• "Brand marketing is a more effective approach than product marketing because it uses concepts of emotional marketing to build up something more than just a product. In short, brand marketing differs from product marketing in that it seeks to build up a brand, or the collective feelings about the product held by customers, instead of a product. In this, brand marketing seeks to insulate companies from their competitors by not banking solely on the objective worth of their products. In the end, there are very few actual differences between products within a single category, so brand marketing comes out ahead of product marketing nearly every time."
  • "A great example of brand marketing and emotional branding done right is the case of Harley Davidson. Harley, through emotional marketing and emotional branding, has created a brand that has transcended its physical product of motorcycles. In fact, if motorcycles were to disappear from the planet tomorrow, the Harley brand would endure."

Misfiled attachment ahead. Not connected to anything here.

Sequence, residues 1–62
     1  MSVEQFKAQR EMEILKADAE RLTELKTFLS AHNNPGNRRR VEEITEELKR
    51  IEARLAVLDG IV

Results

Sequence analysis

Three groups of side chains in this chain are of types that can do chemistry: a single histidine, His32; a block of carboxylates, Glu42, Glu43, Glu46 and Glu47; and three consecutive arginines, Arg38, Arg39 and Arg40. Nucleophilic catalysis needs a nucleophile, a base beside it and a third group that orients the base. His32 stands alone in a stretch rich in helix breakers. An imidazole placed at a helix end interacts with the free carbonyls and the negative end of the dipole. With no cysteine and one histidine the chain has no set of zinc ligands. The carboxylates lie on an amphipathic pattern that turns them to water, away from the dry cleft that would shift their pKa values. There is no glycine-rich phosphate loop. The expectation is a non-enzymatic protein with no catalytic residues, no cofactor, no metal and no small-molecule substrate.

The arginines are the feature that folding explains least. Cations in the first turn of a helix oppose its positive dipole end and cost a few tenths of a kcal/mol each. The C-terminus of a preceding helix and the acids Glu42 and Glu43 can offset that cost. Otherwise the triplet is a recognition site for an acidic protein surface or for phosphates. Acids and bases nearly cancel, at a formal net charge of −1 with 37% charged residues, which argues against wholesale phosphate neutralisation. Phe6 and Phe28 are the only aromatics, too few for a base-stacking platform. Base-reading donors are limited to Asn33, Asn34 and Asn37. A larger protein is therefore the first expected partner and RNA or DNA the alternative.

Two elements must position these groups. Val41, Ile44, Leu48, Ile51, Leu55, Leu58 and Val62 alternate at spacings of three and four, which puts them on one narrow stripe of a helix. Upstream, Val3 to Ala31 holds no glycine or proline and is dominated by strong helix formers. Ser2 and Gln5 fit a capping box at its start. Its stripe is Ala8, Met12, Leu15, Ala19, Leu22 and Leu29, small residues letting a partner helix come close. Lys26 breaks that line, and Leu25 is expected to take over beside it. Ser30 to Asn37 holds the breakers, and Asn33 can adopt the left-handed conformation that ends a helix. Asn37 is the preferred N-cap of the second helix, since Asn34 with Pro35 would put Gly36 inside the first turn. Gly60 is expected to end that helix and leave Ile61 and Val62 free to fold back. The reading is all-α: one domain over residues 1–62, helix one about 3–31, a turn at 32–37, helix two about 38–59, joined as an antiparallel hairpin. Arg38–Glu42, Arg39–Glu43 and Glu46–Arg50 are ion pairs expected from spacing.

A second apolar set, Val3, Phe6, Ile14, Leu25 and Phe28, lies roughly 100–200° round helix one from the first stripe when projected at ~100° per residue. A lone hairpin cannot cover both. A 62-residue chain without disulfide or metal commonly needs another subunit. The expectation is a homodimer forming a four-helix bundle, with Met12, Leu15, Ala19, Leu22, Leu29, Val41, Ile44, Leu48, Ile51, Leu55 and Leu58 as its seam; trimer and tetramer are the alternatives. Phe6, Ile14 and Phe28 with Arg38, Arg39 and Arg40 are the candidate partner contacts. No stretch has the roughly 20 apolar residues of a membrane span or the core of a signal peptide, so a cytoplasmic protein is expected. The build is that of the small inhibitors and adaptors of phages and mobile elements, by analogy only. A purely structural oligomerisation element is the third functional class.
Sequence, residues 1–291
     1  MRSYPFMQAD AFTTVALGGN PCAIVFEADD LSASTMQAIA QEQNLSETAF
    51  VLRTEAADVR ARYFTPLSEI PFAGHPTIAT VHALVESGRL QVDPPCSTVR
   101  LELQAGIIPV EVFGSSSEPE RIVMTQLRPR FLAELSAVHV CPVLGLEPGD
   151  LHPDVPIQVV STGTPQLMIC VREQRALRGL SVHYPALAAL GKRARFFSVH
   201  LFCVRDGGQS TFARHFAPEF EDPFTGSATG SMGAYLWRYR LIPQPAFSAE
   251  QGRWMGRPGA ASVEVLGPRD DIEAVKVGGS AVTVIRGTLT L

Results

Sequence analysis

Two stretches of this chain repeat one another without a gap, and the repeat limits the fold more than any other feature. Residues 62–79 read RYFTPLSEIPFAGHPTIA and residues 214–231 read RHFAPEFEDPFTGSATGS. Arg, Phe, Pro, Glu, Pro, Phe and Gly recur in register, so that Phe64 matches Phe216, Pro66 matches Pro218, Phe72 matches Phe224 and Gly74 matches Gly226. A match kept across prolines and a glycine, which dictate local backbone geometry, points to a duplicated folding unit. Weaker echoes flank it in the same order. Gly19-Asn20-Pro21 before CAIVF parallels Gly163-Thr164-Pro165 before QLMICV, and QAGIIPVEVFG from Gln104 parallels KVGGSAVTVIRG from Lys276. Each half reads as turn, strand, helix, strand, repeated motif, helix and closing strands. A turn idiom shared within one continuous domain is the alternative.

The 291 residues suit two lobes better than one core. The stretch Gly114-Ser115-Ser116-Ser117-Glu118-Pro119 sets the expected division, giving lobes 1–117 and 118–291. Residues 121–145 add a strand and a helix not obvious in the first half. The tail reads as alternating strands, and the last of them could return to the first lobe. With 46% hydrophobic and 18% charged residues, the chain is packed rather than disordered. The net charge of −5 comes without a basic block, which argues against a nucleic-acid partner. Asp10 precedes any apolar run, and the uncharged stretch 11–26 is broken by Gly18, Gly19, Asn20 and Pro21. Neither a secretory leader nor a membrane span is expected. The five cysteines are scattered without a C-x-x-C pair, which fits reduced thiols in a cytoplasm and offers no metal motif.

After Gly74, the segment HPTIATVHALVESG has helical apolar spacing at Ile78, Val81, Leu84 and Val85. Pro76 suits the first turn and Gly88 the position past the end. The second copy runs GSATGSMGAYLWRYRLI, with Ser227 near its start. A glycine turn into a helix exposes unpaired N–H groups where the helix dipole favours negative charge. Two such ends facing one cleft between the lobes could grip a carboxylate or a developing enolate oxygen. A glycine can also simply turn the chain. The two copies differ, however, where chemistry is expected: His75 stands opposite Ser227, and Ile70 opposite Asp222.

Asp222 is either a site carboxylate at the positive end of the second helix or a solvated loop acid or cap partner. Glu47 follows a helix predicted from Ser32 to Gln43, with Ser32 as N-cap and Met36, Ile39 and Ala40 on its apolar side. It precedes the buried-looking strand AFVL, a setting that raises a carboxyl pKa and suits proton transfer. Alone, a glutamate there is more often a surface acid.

• "Demos, video, and VR demonstrations: Despite the whole discovery and purchase process getting faster and faster, customers still want to get a substantial amount of knowledge on a product before purchase. There is a new standard in information about products potential customers expect, particularly for service products. Demos and video demos are very popular and almost 100% necessary for digital products. What’s most important is that potential customers are able to check out products quickly and understand their features immediately to determine if it fits their needs"
  • "The better informed customers feel not just about the product but how to use it, the more likely they will be to purchase. For example, home improvement companies like Lowes and Home Depot and interior design companies share “guides” and “how-to’s” that are informative for their target audience and include their products. Hubspot, Shopify, and Mailchimp all create great content helping their customers to better use their products. By creating content around the questions and problems of their target market and including their products as part of the solution, they authentically push their products in an informative way. "